Moving data analytics to the cloud can be a leap forward for your organization—a cost-efficient way to gain speed, flexibility and immediate access to the latest technology advances. You'll find a growing array of vendors eager to show you how easy it is to make the move and reap the benefits.

But moving analytics to the cloud in a cost-effective, flexible and secure way is much more complex. It takes a healthy dose of strategic self-knowledge together with solid planning, research and preparation. Some companies get so tied up in evaluating the prospect of cloud analytics that they don't get around to executing on it.

Instead, organizations should begin where most good business decisions begin: with a clear-eyed assessment of the strategic benefits and risks. When moving analytics to the cloud is in an organization's best interests, identify a solution based on its analytic business needs, with a flexible cloud architecture and solid knowledge of the vendor marketplace.

If your organization is thinking about moving some or all of its business analytics to the cloud, here are a few key things to keep in mind.

Know your needs; establish performance criteria
The better an organization understands its current and future requirements, the easier it is to decide whether to move analytics to the cloud.

What are the organization’s performance criteria for elasticity, data volumes, variety and velocity? Understanding how these key performance criteria will be evaluated is critical to designing the right data architecture, especially in the cloud. It's essential to know how much elasticity will be needed to balance peak compute performance and demand, data volumes versus compute capacity, and what types of data will be managed in the future (structured, semi-structured, unstructured).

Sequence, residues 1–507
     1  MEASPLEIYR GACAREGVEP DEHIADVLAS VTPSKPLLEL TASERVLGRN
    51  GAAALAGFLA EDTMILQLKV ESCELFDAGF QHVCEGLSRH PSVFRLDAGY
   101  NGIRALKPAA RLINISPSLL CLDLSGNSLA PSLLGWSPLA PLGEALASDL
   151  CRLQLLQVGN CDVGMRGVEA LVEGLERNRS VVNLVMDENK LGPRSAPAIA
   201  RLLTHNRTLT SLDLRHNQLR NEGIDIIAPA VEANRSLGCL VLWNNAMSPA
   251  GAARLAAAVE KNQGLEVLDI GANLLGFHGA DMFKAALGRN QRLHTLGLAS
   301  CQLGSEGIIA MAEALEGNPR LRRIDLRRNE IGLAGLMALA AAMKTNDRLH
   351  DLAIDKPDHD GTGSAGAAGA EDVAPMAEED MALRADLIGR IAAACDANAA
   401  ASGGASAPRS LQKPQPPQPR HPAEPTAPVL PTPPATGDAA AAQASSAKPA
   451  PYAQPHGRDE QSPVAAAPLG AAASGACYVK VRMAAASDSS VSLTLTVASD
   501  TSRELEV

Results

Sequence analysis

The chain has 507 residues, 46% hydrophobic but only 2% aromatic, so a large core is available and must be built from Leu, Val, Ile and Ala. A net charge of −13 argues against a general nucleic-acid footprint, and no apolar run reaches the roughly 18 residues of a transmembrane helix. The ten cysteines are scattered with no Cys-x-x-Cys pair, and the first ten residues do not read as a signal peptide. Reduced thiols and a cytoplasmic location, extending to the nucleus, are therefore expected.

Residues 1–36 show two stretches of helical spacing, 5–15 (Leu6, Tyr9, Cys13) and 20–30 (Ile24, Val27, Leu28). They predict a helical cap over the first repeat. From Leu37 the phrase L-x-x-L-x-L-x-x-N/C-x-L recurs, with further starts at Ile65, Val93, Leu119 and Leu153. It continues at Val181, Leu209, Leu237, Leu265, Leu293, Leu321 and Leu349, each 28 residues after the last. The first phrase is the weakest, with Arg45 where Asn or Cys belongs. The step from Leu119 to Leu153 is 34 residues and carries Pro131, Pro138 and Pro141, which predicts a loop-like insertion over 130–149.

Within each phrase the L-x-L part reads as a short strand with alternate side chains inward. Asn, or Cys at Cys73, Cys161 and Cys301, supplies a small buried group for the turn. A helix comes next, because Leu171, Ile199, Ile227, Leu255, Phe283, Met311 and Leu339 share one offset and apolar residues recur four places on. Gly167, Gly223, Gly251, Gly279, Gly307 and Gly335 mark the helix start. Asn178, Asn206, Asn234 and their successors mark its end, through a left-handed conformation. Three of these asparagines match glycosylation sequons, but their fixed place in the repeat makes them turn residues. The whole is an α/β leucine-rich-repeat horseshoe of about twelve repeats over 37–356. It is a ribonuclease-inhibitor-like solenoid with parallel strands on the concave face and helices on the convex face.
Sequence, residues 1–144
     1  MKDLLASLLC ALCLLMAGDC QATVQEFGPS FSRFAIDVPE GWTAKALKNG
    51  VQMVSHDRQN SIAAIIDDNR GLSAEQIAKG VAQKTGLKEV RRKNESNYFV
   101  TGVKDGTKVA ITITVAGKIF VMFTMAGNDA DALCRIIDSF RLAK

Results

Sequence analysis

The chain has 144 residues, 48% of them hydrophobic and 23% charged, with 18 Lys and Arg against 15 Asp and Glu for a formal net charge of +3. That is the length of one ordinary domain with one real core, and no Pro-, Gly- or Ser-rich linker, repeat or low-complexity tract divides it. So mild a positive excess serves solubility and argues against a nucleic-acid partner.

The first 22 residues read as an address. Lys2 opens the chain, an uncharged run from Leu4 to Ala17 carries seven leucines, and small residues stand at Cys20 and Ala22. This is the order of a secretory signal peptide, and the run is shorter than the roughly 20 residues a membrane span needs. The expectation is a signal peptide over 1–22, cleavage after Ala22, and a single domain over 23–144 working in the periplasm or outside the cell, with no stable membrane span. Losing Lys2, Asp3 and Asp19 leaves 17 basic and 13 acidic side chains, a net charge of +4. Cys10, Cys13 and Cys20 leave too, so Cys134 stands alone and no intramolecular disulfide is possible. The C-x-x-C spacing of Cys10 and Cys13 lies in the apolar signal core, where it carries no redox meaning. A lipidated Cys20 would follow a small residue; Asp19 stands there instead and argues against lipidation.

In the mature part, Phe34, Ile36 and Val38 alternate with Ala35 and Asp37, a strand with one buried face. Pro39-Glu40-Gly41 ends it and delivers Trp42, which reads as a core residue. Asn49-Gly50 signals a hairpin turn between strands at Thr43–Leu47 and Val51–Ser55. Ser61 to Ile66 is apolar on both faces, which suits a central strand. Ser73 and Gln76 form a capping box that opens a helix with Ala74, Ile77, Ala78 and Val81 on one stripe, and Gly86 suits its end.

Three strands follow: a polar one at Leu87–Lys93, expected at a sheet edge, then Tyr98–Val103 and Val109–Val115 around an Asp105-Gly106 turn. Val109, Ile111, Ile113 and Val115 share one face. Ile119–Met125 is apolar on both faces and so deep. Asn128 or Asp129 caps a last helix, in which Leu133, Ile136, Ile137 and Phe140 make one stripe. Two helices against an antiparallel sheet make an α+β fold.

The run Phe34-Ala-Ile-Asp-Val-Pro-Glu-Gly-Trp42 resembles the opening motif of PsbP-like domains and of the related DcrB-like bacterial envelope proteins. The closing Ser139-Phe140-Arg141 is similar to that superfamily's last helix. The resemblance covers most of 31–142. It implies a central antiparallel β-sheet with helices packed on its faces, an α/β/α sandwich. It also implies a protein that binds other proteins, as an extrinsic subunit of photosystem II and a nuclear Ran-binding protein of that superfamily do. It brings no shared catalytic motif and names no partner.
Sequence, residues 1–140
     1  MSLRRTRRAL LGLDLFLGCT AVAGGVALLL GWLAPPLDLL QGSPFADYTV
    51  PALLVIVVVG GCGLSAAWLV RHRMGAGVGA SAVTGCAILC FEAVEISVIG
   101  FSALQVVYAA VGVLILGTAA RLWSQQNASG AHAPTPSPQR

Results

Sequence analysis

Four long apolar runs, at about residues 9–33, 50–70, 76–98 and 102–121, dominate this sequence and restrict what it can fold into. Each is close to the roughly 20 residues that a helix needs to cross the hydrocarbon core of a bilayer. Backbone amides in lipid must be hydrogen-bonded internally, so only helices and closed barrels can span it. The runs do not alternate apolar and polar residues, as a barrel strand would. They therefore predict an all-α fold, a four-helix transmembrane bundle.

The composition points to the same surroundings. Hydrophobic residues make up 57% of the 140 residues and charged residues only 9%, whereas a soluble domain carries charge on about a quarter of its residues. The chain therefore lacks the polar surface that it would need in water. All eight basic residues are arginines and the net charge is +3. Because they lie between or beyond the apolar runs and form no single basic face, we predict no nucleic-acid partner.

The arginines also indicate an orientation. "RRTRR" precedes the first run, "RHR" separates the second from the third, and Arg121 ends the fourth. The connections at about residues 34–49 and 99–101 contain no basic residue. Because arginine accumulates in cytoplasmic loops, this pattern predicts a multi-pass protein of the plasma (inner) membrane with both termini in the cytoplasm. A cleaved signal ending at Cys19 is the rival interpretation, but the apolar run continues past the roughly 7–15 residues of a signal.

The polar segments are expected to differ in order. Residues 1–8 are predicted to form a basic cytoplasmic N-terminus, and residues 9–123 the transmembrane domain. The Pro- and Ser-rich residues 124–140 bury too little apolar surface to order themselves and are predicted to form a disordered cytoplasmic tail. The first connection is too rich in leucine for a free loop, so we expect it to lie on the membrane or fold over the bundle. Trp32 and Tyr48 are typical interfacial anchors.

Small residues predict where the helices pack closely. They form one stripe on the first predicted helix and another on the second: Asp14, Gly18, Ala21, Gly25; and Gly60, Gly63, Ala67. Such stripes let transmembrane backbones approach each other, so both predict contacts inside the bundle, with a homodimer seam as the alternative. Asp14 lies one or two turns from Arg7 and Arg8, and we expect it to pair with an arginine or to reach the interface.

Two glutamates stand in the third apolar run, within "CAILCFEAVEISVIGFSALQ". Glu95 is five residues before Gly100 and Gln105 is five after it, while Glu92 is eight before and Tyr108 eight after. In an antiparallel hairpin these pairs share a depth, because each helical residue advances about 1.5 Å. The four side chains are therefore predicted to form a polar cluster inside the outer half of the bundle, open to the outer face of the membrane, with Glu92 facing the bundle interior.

What analytic functions are most valuable to the organization? The answers will help in evaluating data requirements and sourcing.

Architect for change and flexibility
A clear information architecture should advance the business strategy, enable growth and support new capabilities. It should serve as the foundation for migration resource planning and budgeting.

An organization will want an architecture that accommodates change as on-premise applications move to the cloud, new applications become mission-critical, and data volumes continue to grow. Build in the flexibility to avoid the risks of heavy vendor lock-in, high switching costs between providers and unanticipated cost changes in the future. Choose architecture methods and tools that give the organization the flexibility to change or move if needed.

HIT executives should know the organization’s needs when choosing a vendor, and design an architecture optimized for its pricing model. For example, one vendor charges for a specific amount of computer capacity for a specified time period. Another vendor prices purely on utilized computer capacity; time is not a factor. Costs can add up quickly if an organization doesn’t plan for its compute, network, storage and high-availability needs.